Is it possible this isn’t a product Emirates is very invested in? It seems more like something that was done to get people talking about Emirates again, which I guess worked for them.

  25. @ Sony Chubb

    “Every since I started flying, part of the joy of the flight is seeing other people on the plane. Be it your travelling partner, fellow passengers, crying babies.
    I don’t fly premium class often, but I don’t think I’d like this completely closed off cocoon. – someone mention something about a prison. People can’t see you, You cant see anyone. ”

    You’ve neatly summarised the difference between on the one hand avgeeks and enthusiasts, most of whom will share your enthusiasms, and people like me who are paying and on business.

    Your argument reminds me of those Victorians who resisted en suite bathrooms in luxury hotels – they enjoyed bumping into their neighbours in the corridors, as if they were staying in a friend’s country house.

    But who now would want a hotel room without a private ensuite?

    Premium passengers (mostly) want privacy. This product looks like it delivers.

  26. @Juno

    Lucky thinks that it’s a game changer because of the enormous amount of privacy (Lucky can corrrect me if I’m wrong). So now private cabin-like rooms, such as in a train, may become the new normal for first class. What Emirates is saying with this new seat is “fully private suits are now what F is. You’re move competition.” And you can bet that government officials who fly to Brussels,(no coincidence they chose BRU) paying with their unlimited expense accounts, will be choosing Emirates now.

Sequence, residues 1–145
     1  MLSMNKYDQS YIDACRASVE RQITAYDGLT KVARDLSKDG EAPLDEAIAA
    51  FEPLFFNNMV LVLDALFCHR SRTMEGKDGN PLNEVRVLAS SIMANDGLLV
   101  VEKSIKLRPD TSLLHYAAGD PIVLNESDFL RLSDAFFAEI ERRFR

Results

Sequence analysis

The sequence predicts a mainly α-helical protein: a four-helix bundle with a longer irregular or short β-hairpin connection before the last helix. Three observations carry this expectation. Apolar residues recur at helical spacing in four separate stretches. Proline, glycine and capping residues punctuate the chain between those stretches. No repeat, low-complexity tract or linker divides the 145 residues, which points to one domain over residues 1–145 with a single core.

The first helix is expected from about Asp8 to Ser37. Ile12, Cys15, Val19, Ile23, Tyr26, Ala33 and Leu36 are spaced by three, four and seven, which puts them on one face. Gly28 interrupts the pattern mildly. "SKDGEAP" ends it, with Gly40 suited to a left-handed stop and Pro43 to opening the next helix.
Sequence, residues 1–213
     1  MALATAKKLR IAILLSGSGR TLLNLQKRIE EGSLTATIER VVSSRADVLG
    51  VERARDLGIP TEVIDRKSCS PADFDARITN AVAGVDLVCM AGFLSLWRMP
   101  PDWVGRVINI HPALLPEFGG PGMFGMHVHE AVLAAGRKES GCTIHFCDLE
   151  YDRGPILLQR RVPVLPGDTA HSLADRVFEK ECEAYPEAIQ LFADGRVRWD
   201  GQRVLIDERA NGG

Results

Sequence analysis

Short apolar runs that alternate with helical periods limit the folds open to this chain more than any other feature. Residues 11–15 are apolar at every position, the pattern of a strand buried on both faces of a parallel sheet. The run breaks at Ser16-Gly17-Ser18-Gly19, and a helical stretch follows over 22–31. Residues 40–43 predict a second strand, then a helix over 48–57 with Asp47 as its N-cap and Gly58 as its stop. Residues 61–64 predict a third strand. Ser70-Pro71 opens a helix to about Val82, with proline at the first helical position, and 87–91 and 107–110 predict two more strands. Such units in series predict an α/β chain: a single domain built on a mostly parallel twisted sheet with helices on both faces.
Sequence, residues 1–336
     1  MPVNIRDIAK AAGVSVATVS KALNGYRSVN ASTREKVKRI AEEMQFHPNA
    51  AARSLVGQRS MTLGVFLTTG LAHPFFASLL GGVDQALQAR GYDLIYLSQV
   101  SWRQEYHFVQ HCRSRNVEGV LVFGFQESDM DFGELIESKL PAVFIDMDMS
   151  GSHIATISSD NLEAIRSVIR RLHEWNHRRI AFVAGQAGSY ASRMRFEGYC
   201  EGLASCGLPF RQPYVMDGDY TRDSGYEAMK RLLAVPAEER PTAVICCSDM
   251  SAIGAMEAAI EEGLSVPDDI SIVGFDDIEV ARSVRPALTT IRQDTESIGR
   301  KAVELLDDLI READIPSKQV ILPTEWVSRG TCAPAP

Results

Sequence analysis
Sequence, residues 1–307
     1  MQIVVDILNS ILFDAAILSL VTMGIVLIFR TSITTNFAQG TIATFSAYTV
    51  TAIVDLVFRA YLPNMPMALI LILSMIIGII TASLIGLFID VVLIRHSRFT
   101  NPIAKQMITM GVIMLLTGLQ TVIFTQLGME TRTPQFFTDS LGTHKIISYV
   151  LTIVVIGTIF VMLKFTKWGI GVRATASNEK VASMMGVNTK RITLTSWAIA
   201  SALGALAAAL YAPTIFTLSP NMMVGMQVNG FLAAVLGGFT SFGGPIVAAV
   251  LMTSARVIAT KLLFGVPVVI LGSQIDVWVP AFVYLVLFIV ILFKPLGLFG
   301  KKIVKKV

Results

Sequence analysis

What bothers me the most is what if you’re traveling with somebody? Is it possible for two, or three people to all hang out together in one of the cabins? I’m also a little surprised by the level of privacy Emirates is showing off here. Privacy is good, but too much privacy I think is obnoxious. It also can bring with it unnecessary consequences like easy stealing when someone goes to the bathroom. Anyone remember when that FA was selling sex onboard? Well that just became a helluva lot easier.

    Unless I’m traveling alone, I don’t like it, and frankly would go out of my way to book something else if I was with others. So for certain routes where most of your F pax will be alone, I suppose it’s smart. But I actually wonder if EK is setting a trend here, or just customizing certain routes where 90% of paying F pax are alone, and giving them the best experience?

  27. @Abe

    Maybe. Granted, showers and double beds were supposed to be game changers on the A380, but that kind of fizzled out, more or less.

    I guess we’ll have to wait and see if this becomes a trend for FC on other airlines.

  28. @Juno it didn’t fizzle out, both of those things are still running their course.

    In any event, you asked, and I gave you a summation of why Lucky thought it was a game changer- and perhaps I was incorrect in my summation.

    I personally do not think these cabins are going to be mainstream, or a “game changer.” If they were a “game changer” why hasn’t Emirates announced they want to install these seats on every one of their planes? Rather these seats will be on select routes where, it would appear anyway, they have the most paid F. Which if I had to guess would be to BRU and Geneva. London, even if it is Stansted, is also probably one of their most paid for routes too. So I guess they just want to really wow their paid passengers.